March 16, 2018
I had the opportunity to visit the new Indian Museum here in Oklahoma City. It will open in the spring of 2021. It will be such a beautiful museum. Most of the outside is finished and it will be unique. The museum will be borrowing back (on loan) many items from the Indian Museum in Washington DC. So basically we are taking on loan items that we loaned Washington and presenting them in our museum. The theme that includes all the 39 tribes here in our state is water/earth/fire/wind. There will be in the outside center circle twelve 28 foot poles/flutes which represent the twelve language families that all the tribes speak. When the wind blows through them, one hears flute music from the wind. They have many wonderful ideas in making this museum special. I will be looking forward to seeing it complete.
March 9, 2018
I don't have anything new to write about, but I did come across a quote I found taped up on the bathroom door in a hostel in Peru where I was staying a few years ago. It really struck me ... as I have tendency to get a little bored when I have stayed home too long. I have traveled to a lot of places over the years and this quote made me realize why I get bored:
"I am not the same having seen the moon shine from the other side of the world."
The rest of the quote is also something to think about: "Most of all, inspire yourself. Find a tree and sit at its roots and listen, pick up a rock and hear it speak. The moon is our night light, the sun our everglow ... The world will turn eagerly towards you to hear your inspiring words and songs, see your paintings and drawings, touch your sculptures, drink your films and embrace all your inspirations. Let your inspiration feed others and give them the juice to grow and to glow, see you in dreams and telepathic communications ...
Just some food for thought.
Still editing and polishing Sunshine's book. She has an interesting life with the Lakota people. Of course, her story is filled with hardships and tragedies along with happiness. I found some new info which I have added and woven into her book--I like to have little known information in my stories to make them more interesting and to make learning more fun. Many times these facts are things I didn't know and always wondered about. Now I know and will share with my readers.
I will work on this book until I edit the whole thing and it is ready to submit--hopefully this next summer. I am still home a lot as I recover. I get impatient at not being able to be my old self with lots of energy, but it will come. I have to get my strength back before summer because I am taking two grandchildren to South Africa for 3 weeks.
I took granddaughter #1 to Europe, granddaughter #2 to New Zealand and Australia, now the next 2 want to go to Africa. I have 4 more trips with grandchildren to look forward to--don't now where in the world they want to go. This is such precious time with my grandchildren when they graduate from high school. Where will the next children take me?? It doesn't matter, I love to travel and have been to many exciting places all over the world.
I know many people blog every day, but I don't know what they talk about. I don't have that much interesting to report so I don't write very often. I am involved in many things besides writing, but this is my writing blog so I keep it at that. I guess I can tell you all about South Africa when I return. We are going to Cape Town, Johannesburg, Kruger National Game Park and several other game reserves, Durban, Swaziland, and Zimbabwe to Victoria Falls and much more. I have been reading about the history of this area--so very fascinating. I will write about my travels and hopefully about my next book this summer. In the meantime, I do have some events to look forward to this spring for my cowboy book.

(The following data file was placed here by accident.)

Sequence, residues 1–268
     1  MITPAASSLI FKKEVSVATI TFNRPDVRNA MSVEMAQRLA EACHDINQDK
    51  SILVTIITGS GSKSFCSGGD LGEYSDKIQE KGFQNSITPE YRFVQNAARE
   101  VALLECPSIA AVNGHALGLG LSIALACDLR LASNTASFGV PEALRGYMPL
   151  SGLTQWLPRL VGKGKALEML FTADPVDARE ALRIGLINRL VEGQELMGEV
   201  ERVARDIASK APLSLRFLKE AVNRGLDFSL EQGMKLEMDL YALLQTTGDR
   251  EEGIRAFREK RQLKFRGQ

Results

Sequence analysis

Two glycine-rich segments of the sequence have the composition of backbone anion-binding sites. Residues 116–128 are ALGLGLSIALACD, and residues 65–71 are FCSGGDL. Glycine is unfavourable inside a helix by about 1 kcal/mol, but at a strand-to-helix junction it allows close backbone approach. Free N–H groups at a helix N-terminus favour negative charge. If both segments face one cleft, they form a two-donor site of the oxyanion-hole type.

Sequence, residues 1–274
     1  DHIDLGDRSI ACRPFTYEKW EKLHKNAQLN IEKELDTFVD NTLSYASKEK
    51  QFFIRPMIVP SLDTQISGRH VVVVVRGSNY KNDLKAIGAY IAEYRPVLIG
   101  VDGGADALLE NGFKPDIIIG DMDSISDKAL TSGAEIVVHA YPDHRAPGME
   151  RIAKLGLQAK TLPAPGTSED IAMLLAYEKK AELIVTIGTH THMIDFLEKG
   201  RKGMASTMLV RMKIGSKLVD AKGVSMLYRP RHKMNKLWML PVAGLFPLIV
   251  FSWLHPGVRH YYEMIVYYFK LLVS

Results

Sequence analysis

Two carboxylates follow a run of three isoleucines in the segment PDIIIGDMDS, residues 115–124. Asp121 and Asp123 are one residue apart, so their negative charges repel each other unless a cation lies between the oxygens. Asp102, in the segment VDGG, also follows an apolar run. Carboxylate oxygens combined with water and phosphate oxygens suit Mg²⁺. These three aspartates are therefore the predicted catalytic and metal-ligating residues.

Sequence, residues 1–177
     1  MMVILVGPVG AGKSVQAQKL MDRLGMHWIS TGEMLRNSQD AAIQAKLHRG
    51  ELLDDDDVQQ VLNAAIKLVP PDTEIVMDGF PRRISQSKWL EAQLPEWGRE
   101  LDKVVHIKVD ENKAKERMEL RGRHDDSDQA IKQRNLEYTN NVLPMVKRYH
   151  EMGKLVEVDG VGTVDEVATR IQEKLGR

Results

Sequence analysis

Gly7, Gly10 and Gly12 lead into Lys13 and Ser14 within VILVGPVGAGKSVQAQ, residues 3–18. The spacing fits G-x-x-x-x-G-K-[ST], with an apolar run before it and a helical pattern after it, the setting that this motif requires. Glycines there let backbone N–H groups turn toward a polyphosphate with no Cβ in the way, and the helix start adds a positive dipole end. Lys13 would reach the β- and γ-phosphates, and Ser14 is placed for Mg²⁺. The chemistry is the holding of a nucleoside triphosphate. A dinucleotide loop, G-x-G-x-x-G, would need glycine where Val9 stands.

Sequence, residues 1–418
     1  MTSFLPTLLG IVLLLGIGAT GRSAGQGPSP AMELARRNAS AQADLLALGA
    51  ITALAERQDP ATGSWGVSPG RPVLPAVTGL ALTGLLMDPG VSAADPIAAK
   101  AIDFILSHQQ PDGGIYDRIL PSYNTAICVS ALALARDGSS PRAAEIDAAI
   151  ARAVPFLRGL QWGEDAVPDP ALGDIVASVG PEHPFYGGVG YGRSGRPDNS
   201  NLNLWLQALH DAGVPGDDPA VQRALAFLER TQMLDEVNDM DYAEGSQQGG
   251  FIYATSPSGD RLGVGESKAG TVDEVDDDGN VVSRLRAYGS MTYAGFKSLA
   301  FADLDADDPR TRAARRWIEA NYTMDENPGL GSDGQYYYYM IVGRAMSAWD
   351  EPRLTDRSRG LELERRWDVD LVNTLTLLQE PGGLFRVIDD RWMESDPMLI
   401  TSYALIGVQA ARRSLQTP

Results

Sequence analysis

Been working on editing and polishing my next book--Sunshine and her Lakota Story. Had lots of time while stuck at home recouping.
The cowboy was usually in his late teens. He worked up to 14 hours a day for about $25.-$30. a month. On trail, he slept on the ground with his saddle as a pillow, ate plenty of beans and biscuits, and drank strong six-shooter coffee. After about 6-7 years of hard, back-breaking work, the cowboy got burned out and found another job. He worked outside in all kinds of weather. He carried no watch, yet knew when it was time for supper or when it was time for him to ride out for his watch on the herd. The cowboy had a good appreciation for humor and could tell a long-winded tale which left everyone laughing until their sides hurt. Most could not swim, so the river crossings presented a fear unknown to us today. The cowboy dealt with Indians, stampeding cattle, crazy weather, and rustlers -- all in a day's work. The cowboy's job was far from glamorous, yet he invokes a spirit of freedom and adventure of the Old West.
Hope you readers will enjoy learning about the life of the cowboy, riding the Chisholm Trail, the Johnson County War in Wyoming, and the Cherokee Outlet Land Run.
If the cowboy was the hero of the West, then the Indian was in many cases the tragic figure as depicted in my first novel, Journey of the Cheyenne Warrior. Brave Eagle's life as a warrior on the plains was truly a simple life of nature and freedom and peace -- except when fighting another tribe, usually over horses. They did not covet the land but merely lived on it and with it. The white man came onto the plains and changed everything. The Native Americans had to decide how best to live with the ever-increasing white men. They could fight them or accept their rules, either way they lost. The brave warrior with feathers in his black hair, painted face and body, wearing fringed and beaded war shirt and leggings, beautifully beaded moccasins, carrying his war shield and bow and arrows, and seated on his pony was just as powerful an image of the West.
Cowboys and Indians are both part of America's unique history.